The Ban

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On 10 September 2014, To Singapore, with Love was banned from public screenings in Singapore. One of the reasons cited was that it “undermined national security”. Immediately, on the same day, 40 artists, filmmakers and civil society activists responded with a statement asking MDA to reconsider the ban. A week after the ban, a few hundred Singaporeans took chartered buses across the border to Johor Baru, Malaysia, to catch the film. Pin Pin subsequently appealed against this decision, but the appeal was rejected as the Film Appeals Committee felt the film was “one-sided”. The film is currently screening privately in Singapore, as is permitted, and publicly abroad. The film is allowed for screening in Singapore tertiary institutions if certain conditions are met.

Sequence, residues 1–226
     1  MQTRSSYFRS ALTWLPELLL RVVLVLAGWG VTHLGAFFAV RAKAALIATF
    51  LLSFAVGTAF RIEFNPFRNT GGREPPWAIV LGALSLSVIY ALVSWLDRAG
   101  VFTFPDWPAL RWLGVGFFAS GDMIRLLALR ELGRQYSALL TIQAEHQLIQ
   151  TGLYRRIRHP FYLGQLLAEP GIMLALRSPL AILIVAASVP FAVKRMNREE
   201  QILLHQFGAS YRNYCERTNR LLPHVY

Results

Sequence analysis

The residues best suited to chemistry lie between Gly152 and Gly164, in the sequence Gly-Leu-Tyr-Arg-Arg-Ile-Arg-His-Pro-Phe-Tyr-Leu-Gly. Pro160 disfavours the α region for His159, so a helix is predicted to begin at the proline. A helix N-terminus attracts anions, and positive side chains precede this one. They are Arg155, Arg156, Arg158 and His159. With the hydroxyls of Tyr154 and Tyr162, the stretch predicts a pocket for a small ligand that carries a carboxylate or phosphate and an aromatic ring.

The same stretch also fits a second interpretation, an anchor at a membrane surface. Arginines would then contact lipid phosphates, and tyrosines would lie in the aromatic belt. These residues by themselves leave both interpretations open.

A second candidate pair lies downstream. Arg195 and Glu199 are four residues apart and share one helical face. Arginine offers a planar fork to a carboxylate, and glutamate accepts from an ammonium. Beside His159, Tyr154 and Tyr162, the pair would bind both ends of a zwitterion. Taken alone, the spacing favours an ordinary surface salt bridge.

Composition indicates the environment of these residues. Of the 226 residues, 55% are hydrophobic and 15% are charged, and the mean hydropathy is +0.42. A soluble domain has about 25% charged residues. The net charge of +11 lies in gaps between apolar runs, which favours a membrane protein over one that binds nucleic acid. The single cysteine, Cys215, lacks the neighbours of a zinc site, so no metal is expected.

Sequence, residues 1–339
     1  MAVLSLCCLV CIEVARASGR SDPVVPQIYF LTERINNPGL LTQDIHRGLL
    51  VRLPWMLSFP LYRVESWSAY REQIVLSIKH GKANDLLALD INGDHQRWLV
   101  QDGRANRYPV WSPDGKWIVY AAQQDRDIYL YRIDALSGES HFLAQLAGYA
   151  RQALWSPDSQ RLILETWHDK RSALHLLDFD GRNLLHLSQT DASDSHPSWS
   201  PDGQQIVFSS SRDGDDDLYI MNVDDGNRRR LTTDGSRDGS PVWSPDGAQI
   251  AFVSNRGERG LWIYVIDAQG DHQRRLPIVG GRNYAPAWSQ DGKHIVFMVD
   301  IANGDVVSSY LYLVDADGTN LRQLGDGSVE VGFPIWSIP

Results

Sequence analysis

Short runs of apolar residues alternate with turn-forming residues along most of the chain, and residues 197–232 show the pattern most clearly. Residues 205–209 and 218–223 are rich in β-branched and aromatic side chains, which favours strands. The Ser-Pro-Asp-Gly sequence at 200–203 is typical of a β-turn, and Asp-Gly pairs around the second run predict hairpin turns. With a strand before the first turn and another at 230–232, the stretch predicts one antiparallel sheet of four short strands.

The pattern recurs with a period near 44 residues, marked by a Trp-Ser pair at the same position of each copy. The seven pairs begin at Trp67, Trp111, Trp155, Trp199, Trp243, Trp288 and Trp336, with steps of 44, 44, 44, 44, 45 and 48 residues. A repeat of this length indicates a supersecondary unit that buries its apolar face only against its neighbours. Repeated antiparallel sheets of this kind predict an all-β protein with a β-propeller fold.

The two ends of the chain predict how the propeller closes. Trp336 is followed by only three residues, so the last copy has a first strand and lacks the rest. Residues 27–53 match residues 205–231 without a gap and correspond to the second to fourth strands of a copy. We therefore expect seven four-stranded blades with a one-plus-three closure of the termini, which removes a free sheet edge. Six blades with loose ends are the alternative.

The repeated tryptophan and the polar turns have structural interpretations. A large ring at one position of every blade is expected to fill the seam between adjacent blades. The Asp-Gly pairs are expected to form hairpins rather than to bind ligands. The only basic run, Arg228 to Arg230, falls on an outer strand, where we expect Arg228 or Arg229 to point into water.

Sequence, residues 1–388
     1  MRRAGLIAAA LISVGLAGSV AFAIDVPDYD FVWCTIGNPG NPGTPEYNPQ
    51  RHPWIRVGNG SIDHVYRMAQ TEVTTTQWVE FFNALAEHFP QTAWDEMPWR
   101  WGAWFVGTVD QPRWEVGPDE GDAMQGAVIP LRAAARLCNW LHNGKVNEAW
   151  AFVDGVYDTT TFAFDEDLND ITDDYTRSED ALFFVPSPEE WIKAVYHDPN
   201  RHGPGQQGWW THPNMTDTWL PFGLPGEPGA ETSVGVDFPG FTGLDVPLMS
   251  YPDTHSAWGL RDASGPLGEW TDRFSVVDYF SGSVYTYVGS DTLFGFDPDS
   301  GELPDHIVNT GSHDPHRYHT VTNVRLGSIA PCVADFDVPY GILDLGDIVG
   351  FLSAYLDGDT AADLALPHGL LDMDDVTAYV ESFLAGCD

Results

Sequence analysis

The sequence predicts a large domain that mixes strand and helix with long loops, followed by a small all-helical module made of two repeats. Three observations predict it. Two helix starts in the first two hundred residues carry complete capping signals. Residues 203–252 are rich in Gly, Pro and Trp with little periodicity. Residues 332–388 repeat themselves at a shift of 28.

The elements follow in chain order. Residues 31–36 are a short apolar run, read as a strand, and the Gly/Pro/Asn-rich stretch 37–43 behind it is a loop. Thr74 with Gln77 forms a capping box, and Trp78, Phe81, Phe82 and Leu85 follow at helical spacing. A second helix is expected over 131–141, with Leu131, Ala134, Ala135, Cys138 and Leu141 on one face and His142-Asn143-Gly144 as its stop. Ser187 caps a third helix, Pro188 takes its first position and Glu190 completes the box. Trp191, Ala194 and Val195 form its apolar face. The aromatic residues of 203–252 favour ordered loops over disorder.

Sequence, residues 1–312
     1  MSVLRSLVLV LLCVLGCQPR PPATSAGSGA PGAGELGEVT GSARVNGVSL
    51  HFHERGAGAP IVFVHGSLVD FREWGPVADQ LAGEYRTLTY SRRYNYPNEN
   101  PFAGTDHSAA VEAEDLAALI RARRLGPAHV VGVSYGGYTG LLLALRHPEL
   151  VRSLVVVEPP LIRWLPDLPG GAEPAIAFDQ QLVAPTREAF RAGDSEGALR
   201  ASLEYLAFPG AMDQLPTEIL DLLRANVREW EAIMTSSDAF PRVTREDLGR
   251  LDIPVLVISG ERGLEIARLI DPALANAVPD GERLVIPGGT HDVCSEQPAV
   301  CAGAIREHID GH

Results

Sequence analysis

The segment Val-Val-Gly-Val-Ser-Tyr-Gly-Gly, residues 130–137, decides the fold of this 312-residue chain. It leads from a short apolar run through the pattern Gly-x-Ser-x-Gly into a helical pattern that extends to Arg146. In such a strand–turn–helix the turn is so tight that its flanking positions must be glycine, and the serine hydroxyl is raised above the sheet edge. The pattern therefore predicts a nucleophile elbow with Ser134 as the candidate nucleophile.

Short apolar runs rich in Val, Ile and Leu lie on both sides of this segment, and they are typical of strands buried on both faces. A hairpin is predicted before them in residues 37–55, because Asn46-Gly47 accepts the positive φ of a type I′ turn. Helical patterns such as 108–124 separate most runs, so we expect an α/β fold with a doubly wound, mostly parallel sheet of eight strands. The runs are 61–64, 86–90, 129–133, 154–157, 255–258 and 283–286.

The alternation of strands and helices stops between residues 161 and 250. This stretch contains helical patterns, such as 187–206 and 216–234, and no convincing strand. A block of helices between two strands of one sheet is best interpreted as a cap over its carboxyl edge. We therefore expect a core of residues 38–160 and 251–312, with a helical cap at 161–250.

In July 2015, a signed, limited edition DVD was released for sale outside Singapore. During the DVD’s production, the Media Development Authority of Singapore (MDA) clarified that the DVD cannot be mailed overseas from within Singapore as it could constitute “distribution”, which is not allowed for Not Allowed for All Ratings (NAR) films. MDA also clarified that the producer cannot release the film on the web through a VOD portal so that it could be accessible to all, including those from Singapore for the same reason.

Hence, To Singapore, with Love is accessible to those logging in from a non-Singapore IP address via Vimeo.